$84. The high prices discourage petkeepers from making frequent
veterinary visits. As with human doctors in Japan, clients rarely
question vets about the types of treatment being given. The lack of
a questioning clientele inhibits veterinary progress.
In recent years the rising profile of service dogs has helped
to improve the image of dogs in general, but even service dogs have
difficulty gaining access to restaurants, shops, hotels, public
buildings, and public transport, where their presence is now widely
accepted in the U.S. and Europe.
Things are slowly changing, but the transition from viewing
pets as possessions and objects to viewing them as family members has
really just barely begun.
[The Animal Refuge Kansai is the largest nonprofit shelter in
Japan, located at 595 Noma Ohara, Nose-Cho, Toyono-Gun, Osaka-Fu,
563-01 Japan; phone 81-727-37-0712; <arkbark@wombat.or.jp>.]

Editor’s note:

The attitudes and conditions that Elizabeth Oliver describes
in Japan today are remarkably similar to the norms of many major U.S.
and European cities during the mid-20th century. The rapid
transformation of U.S. and European treatment of homeless animals in
recent years, still underway, gives hope that Japan too can achieve
a rapid turnabout.
[See below.]

Japanese shelter data
by Yoshiko Seno
“AnimEarth” <jijibab@osk3.3web.ne.jp>

The Japanese dog population is estimated to be 10 million:
less than 10% of the human population, about half of the U.S.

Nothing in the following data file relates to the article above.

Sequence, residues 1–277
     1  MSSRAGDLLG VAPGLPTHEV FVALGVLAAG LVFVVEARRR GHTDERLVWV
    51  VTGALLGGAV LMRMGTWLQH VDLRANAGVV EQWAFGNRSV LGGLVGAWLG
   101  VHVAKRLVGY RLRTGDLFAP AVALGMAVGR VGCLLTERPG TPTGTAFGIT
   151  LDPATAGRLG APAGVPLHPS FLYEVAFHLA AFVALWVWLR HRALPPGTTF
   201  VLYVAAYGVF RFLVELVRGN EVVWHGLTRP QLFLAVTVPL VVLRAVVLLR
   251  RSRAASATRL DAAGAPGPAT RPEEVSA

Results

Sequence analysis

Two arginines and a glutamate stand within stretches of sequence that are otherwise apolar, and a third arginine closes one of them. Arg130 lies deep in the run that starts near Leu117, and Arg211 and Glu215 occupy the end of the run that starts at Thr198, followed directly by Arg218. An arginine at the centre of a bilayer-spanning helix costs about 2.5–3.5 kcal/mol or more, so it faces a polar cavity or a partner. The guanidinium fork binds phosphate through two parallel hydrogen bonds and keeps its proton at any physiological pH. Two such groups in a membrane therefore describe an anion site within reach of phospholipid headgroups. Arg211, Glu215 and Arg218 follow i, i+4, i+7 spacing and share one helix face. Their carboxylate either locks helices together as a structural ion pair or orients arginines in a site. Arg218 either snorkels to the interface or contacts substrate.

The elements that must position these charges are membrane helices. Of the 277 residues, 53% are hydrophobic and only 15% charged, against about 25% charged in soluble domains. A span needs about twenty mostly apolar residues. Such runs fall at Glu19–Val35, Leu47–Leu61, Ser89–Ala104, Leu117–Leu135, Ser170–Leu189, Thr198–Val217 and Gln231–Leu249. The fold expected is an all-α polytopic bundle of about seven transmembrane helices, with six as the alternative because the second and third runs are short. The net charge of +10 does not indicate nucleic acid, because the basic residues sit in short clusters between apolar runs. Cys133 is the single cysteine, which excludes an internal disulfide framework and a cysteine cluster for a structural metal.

dog-to-human ratio. The total number of licensed dogs was 5,779,482
in 2000, believed to be 60-to-70% of the population.
In Japan 98 self-governing bodies do animal control under the
two applicable national laws and city or prefectural bylaws. They
killed 280,819 dogs in 1999, or about 2.8% to 4% of the total dog
population. This is very similar to the U.S. rate of dog-killing.
However, since we do not have no-kill shelters doing high-volume
rescue and adoption in Japan, many cities unnecessarily kill young
and healthy animals. In other cities, people have been working hard
to reduce the killing.
I have gathered the 2001 animal control data from the major
cities and prefectures:

Animals killed Animals 1,000s
per 1,000 people killed people
KANAGAWA pref. 1.18 3,999 3,387
(except Kawasaki, Yokohama,
and one more city)
TOKYO (1999) 1.19 13,846 11,624
Kawasaki 1.37 1,713 1,254
Yokohama 1.54 5,305 3,435
Hiroshima 1.87 2,102 1,124
Kyoto 2.96 4,344 1,469
Kobe 3.53 5,271 1,493
Fukuoka 3.87 5,189 1,340
FUKUOKA pref. 6.11 15,408 2,520
(except three cities population)

I feel so sad living in Fukuoka prefecture. About 10 years
ago Kanagawa and Fukuoka prefectures were not much different. Since
then, they have chosen completely different directions. Fukuoka
prefecture kills the most animals now, but people in Fukuoka do not
beep the most dogs and cats, and it is not the poorest prefecture.
As the numbers are still relatively low compared to those of
the U.S., Japan could become a no-kill nation very quickly, if
inspired with the will to do so. Some cities are already close to
the goal. If those cities could reach it, more might follow.